The L298N motor driver requires 6 pins (Enable A, Enable B, Input 1, IN 2, IN 3, IN4) and can handle from 6-12v dc. It has a 5v enable pin that you can run the micro-controller off of. Here is a good explanation I found of hoe it works and how to use it:

The video goes into depth on the board and the code needed to use it. Basically it has to void function: motorA and motorB. Each, as I said before, creates a 0-100% range to provide the motors as well as commands 0, 1, 2, and 3. The 0 means off, 1 is clockwise and 2 is counterclockwise, and 3 is brake.

Basically when you want to have motorA move you do: motorA( choose 0, 1, 2, or 3, and choose a percent. It would look like this: motorA(1, 30); //run motorA clockwise at 30% of the motor.

The wiring goes like this:

EnableA: pin 5 (needs to be a pwm pin)

EnableB: pin 3 (needs to be a pwm pin)

Input 1: pin 2

Input 2: pin 4

Input 3: pin 6

Input 4: pin 7

Step 5: Ultrasonic Sensors

These inexpensive sensors are easy to use and setup and can be used for lots. The programming for these is very simple and it can be used to avoid, follow, measure, etc.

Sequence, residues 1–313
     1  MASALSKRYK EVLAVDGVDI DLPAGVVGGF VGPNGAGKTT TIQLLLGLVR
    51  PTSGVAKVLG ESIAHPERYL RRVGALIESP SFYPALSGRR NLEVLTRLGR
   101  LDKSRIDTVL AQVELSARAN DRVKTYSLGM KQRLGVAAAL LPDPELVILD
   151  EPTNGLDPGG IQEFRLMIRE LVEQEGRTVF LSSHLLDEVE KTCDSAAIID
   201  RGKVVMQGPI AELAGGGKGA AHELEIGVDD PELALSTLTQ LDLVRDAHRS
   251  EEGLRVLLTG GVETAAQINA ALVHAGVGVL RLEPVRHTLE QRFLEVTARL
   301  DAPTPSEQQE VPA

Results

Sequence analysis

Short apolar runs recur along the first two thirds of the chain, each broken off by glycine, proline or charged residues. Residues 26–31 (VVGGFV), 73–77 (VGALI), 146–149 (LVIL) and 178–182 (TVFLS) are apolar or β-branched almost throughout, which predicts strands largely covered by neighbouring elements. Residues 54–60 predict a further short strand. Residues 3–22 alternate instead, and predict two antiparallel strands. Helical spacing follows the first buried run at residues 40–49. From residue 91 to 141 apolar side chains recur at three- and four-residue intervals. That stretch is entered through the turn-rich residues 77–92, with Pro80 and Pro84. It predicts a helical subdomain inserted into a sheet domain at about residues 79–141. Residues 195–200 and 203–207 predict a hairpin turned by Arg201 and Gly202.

There are 4 pins on each sensor: GND(ground), Vcc(5v), Trig(Trigger, Can be any digital pin),Echo(Echo, can be any digital pin).

The code it runs on is very easy.

pinMode(Bout, OUTPUT);

digitalWrite(Bout, LOW);


digitalWrite(Bout, HIGH);


digitalWrite(Bout, LOW);

Bduration = pulseIn(Bin, HIGH);

Ldistance = (Lduration/2) / 29.1;

Step 6: RGB LED

The LED is used for lighting and for telling which sensor is activated. It is fairly easy to use. Their are 4 pins, the longest being common cround, and the 3 others being red, green, or blue. These last three connect with a 220 ohm resistor to any of the arduino pins.

void setup()


pinMode(1, OUTPUT); //each color connected to pins and gnd to arduino gnd

pinMode(2, OUTPUT);

pinMode(3, OUTPUT);


void loop()


digitalWrite(1, HIGH); // turns on LED for 1 second


digitalWrite(1, LOW); //turns off for one second


digitalWrite(2, HIGH);// turns on LED for 1 second


digitalWrite(2, LOW);//turns off for one second


digitalWrite(3, HIGH);// turns on LED for 1 second


digitalWrite(3, LOW);//turns off for one second


} // repeats

Step 7: Bluetooth

The bluetooth module HC-05 has 4 pins we will use; GND, 3v3, Tx, and Rx. GND to arduino GND, 3v3 to arduino 3v3, Tx to Rx pin on arduino, and Rx to Tx pin on arduino. Yes, they are supposed to go like that. And the two end pins we don't use.

byte serialA; // setup to read serial communication

void setup()


Serial.begin(9600); // serial baud rate

pinMode(1, OUTPUT);


void loop() {
if(Serial.available() > 0) // if it is receiving serial communication, read it


serialA =;

Serial.println(serialA); // serial print serial communication


if(serialA == 'o') // if serial command is o turn pin 1 on HIGH


digitalWrite(1, HIGH);


else // if serial command is not o, pin 1 is LOW


digitalWrite(1, LOW);



Step 8: Power